These free-form turquoise cabochons show a typical matrix pattern.  From GIA.

These free-form turquoise cabochons show a typical matrix pattern.  From GIA.

Texture. Turquoise is an aggregate of microscopic crystals. When the crystals are densely packed, the stone tends to be less porous resulting in a finer texture that develops a pretty, waxy luster after polishing. Turquoise with a looser crystal structure is more porous and that means a coarser texture and a dull luster.

Another factor to keep in mind is that turquoise is a relatively soft gemstone.  It registers 5 or 6 on the Mohs Scale of Hardness. Turquoise that has a coarser texture usually falls lower on the scale -- it is softer and less durable than a stone with a finer texture which ranks higher.

Historical notes and other interesting facts about turquoise

The mask of King Tut.

The mask of King Tut.

Ancient Egypt. Turquoise has been found in Egyptian tombs dating to 4000 B.C.  The ancient Egyptians called turquoise mefkat, which also meant "joy" and "delight." Probably the most recognizable piece is the gold burial mask of Tutankhamen, which is inlaid with turquoise, lapis lazuli, carnelian and colored glass. It was also set into rings and great sweeping necklaces called pectorals -- and often carved in a scarab pattern.

Hathor. Her name means mansion of Horus and she is an ancient goddess of the Egyptians who symbolized joy, feminine love, and motherhood. She was one of the most important and popular deities in Ancient Egypt. She was also the patroness of Serabit el-Khadim, where turquoise was once mined. Her titles included "Lady of Turquoise" and "Mistress of Turquoise."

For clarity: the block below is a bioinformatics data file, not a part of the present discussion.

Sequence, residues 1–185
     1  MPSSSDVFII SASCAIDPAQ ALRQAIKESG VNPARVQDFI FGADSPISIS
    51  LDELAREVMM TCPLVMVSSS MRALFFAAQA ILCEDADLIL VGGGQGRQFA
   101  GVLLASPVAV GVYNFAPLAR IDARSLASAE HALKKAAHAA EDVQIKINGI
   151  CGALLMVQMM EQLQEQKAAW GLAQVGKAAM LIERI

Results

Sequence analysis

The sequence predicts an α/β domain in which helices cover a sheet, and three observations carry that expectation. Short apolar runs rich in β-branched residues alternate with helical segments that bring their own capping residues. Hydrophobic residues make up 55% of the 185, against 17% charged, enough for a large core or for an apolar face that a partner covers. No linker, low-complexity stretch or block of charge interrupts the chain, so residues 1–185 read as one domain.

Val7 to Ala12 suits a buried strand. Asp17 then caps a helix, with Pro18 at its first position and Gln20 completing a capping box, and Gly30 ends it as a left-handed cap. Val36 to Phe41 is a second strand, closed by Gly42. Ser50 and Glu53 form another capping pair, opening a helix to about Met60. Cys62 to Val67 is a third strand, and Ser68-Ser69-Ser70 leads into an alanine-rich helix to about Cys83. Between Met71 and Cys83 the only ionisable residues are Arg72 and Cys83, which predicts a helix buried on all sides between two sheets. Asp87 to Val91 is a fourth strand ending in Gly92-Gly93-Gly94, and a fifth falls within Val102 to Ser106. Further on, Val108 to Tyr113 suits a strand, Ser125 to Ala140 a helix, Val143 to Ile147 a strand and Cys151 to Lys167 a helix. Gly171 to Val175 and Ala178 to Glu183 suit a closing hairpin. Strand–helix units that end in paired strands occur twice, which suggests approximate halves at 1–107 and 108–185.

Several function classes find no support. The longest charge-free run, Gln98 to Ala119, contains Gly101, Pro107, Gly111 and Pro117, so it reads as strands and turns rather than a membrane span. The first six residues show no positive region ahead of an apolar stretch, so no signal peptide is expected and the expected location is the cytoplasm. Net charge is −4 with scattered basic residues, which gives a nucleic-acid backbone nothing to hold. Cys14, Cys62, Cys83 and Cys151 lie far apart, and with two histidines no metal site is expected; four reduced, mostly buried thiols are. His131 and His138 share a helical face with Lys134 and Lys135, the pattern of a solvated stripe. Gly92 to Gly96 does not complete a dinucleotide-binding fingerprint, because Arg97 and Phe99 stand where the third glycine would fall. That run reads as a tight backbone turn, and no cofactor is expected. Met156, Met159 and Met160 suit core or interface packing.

Chinese turquoise vase. From the Geological Museum, Beijing, China via GIA.

Chinese turquoise vase. From the Geological Museum, Beijing, China via GIA.

Chinese carvings.  More than 3000 years ago, Chinese artisans were using turquoise in their carvings.

Quetzacoatl's favorite. When Montezuma, ruler of the Aztec Empire, first met the conquistador, Cortes, he thought he was the deity, Quetzalcoatl, and gifted him with the god’s favorite gem: turquoise.

Symbol of the American Southwest. We all probably know that turquoise was used by Native American tribes in jewelry and amulets but did you know that they also used it as a medium of exchange? And not only that! Apache Indians also attached turquoise to their bows and firearms to increase accuracy.

Cupola of the Tilla Kari Mosque in Samarkand, Uzbekistan.

Cupola of the Tilla Kari Mosque in Samarkand, Uzbekistan.

Persian Palaces. Turquoise was used to decorate the domes of palaces in Persia. Its vibrant blue color was considered a symbol of heaven on earth. It was also used to adorn all kinds of objects such as turbans and bridles.

Ceremonial masks. The Aztecs embellished masks, knives, and shields with inlaid turquoise as well as gold, quartz, malachite, jet, jade, coral, and shells.

Victorians.  Turquoise was well loved by the Victorians and frequently used during this era in jewelry.

Lucky stone. Turquoise has long been Tibet's national gemstone.  It is believed to ensure good health, good fortune, and to ward away evil.

Resources and further reading

The Gemological Institute of America's Gem Encyclopedia.

Gemstones of the World. By Walter Schuman.  Our go to book at Grimballs.

Jewels: A Secret History. By Victoria Finlay.  An non-fiction adventure through time and place exploring the history of gems.

Smithsonian Institution National Museum of Natural History's Gem Gallery.

Wikipedia's entry on Turquoise.